• Bake them into base Docker images for each environment – If the build server is putting your microservice applications into Docker containers as the last step of the build process, then you could create custom base images for each environment. The base image would contain a shell script that sets all of the environment variables you need. Your Dockerfile would be set to invoke this script prior to starting your application. This has similar challenges to the previous bullet-point, in that now you’re managing a ton of Docker images.
    • Pull in the environment info at runtime from some sort of registry – Lastly, you could store your per-environment config inside something like Apache ZooKeeper (or even just a plain ol’ database), and have your application code pull it in at runtime when it starts up. Each microservice application would need a way of telling which environment it’s in (e.g. a startup parameter), so that it knows which set of variable to grab from the registry. The advantage of this approach is that now you can use the exact same build artifact (i.e. application or Docker container) all the way from the team environment up to production. On the other hand, you would now have another runtime dependency, and you’d still have to manage all of that data in your registry anyway.

    How do people commonly address this issue in a microservice architecture? It seems like this would be a common thing to hear about.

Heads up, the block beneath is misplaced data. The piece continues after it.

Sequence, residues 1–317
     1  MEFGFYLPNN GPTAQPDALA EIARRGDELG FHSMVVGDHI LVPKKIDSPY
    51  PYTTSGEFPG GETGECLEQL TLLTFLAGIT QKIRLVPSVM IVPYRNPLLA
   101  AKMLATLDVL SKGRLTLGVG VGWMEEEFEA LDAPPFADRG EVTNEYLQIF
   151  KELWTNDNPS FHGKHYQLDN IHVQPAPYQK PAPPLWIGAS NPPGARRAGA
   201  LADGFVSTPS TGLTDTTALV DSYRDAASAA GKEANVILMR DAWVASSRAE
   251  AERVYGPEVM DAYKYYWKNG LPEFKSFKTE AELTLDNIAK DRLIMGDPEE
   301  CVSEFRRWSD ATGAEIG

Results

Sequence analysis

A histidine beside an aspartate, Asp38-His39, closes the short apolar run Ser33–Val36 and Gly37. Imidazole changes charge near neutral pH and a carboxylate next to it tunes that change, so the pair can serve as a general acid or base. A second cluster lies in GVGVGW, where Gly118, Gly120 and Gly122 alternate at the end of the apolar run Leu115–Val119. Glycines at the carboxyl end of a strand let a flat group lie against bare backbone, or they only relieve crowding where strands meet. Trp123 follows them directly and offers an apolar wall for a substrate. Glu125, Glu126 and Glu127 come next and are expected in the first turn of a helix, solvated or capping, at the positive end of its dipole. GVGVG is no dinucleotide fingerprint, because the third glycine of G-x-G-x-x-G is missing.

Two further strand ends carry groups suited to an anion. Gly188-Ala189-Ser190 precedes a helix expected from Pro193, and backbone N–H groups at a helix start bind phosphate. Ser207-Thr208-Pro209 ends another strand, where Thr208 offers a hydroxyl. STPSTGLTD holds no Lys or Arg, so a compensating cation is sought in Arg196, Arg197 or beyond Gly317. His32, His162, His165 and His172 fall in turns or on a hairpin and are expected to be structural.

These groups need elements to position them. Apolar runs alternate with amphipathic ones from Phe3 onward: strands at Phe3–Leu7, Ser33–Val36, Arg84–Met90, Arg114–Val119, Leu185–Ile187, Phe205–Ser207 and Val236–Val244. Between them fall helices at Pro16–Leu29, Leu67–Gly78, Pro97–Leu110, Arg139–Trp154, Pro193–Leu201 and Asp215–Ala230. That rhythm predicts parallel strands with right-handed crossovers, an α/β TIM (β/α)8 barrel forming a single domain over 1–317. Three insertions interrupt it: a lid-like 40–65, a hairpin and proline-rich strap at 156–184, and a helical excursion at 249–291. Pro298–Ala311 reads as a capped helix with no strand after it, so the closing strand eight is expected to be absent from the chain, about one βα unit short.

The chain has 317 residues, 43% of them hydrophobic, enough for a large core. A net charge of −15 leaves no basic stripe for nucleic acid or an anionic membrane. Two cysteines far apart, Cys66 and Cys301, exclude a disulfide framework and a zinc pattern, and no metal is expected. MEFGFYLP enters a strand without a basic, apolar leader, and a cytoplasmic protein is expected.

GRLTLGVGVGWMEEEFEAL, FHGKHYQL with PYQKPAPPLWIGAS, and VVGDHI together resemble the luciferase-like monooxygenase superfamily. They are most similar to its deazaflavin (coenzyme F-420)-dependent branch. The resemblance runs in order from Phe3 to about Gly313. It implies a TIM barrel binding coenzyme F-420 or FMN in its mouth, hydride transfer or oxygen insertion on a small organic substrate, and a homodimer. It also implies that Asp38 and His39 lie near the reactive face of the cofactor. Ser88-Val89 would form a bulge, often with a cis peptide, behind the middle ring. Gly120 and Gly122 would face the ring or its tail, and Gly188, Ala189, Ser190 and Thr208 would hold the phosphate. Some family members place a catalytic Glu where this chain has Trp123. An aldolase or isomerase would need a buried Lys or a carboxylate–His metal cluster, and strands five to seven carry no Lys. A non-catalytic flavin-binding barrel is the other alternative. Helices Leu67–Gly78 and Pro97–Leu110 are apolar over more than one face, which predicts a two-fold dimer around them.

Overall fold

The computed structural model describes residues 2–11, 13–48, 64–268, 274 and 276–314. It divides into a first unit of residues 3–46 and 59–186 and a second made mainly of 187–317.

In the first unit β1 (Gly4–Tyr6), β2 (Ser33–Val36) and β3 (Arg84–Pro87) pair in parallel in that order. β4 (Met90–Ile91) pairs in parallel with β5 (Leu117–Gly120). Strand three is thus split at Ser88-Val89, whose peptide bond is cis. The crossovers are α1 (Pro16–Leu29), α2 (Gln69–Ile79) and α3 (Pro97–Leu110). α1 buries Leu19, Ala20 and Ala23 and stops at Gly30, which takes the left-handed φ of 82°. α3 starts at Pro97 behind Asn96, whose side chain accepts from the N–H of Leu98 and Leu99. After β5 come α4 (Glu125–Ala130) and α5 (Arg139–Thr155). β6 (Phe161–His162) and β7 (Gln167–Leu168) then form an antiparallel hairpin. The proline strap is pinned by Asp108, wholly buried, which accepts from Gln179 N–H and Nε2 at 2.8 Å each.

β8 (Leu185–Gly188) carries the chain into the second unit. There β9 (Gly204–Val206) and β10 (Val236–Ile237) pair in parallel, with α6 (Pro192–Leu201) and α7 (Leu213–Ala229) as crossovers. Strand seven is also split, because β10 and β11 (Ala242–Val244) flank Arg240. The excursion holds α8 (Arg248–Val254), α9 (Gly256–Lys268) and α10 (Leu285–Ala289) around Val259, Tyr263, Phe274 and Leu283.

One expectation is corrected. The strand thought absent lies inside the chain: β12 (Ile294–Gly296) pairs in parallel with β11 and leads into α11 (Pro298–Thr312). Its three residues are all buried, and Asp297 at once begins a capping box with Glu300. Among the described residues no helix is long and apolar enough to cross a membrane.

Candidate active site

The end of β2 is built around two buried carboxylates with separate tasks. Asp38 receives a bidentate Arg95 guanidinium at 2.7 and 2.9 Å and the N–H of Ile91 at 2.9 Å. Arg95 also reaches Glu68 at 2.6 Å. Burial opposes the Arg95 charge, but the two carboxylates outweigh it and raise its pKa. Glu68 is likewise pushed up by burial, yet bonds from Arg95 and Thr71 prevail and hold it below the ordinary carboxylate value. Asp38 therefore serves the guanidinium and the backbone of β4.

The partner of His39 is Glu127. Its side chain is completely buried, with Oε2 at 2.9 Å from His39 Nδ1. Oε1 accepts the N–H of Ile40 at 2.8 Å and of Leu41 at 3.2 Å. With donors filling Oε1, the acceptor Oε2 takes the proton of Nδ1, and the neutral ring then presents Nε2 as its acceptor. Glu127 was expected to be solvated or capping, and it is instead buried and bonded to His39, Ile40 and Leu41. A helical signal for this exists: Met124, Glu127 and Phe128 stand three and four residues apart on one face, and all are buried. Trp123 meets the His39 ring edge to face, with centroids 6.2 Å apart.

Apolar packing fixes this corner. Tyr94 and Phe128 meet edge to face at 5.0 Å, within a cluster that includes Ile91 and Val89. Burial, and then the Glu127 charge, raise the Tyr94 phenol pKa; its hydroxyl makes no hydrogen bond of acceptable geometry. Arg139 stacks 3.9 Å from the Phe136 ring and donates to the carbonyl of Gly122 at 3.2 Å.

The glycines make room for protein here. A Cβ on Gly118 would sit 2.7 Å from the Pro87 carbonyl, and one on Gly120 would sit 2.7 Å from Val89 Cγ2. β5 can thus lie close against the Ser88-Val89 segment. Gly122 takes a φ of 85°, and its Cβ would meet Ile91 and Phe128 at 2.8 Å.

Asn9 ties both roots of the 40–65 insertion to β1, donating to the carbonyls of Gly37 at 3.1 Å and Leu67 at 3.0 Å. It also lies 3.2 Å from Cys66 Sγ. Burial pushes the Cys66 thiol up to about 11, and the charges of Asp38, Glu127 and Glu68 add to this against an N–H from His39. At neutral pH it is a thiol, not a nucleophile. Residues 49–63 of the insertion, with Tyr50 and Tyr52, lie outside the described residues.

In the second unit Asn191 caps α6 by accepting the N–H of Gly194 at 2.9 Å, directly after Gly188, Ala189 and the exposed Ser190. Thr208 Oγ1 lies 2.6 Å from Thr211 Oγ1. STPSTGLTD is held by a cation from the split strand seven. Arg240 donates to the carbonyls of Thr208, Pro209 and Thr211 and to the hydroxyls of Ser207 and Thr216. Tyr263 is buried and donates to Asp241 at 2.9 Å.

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    Long post!

    • ENTRYPOINT is your friend
    • Building Microservices by Sam Newman is great
    • Inter-service security tip: 2-way TLS may work, but may present latency issues
    • I will get into a real example from my team. We could not use a configuration server, and things have gotten … interesting. Manageable for now. But may not scale as the company has more services.
    • Configuration servers seem like a better idea

    Update: Almost two years later, we might move to Kubernetes, and start using the etcd-powered ConfigMaps feature that ships with it. I’ll mention this again in the configuration servers section. The post could still be worthwhile reading if you are interested in these subjects. We’ll still be using ENTRYPOINT and some of the same concepts, just some different tools.


    I suggest that ENTRYPOINT is the key to managing environment-specific configuration for your Docker containers.

    In short: create a script to bootstrap your service before starting, and use ENTRYPOINT to execute this script.